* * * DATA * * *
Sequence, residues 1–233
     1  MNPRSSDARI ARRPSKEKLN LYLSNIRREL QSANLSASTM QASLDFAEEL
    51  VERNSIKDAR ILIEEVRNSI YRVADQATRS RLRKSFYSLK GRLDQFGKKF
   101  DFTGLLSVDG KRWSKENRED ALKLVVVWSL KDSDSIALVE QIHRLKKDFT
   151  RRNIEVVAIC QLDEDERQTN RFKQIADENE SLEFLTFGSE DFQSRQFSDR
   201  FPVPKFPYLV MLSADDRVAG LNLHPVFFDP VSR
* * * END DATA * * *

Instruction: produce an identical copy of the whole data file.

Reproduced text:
Sequence, residues 1–233
     1  MNPRSSDARI ARRPSKEKLN LYLSNIRREL QSANLSASTM QASLDFAEEL
    51  VERNSIKDAR ILIEEVRNSI YRVADQATRS RLRKSFYSLK GRLDQFGKKF
   101  DFTGLLSVDG KRWSKENRED ALKLVVVWSL KDSDSIALVE QIHRLKKDFT
   151  RRNIEVVAIC QLDEDERQTN RFKQIADENE SLEFLTFGSE DFQSRQFSDR
   201  FPVPKFPYLV MLSADDRVAG LNLHPVFFDP VSR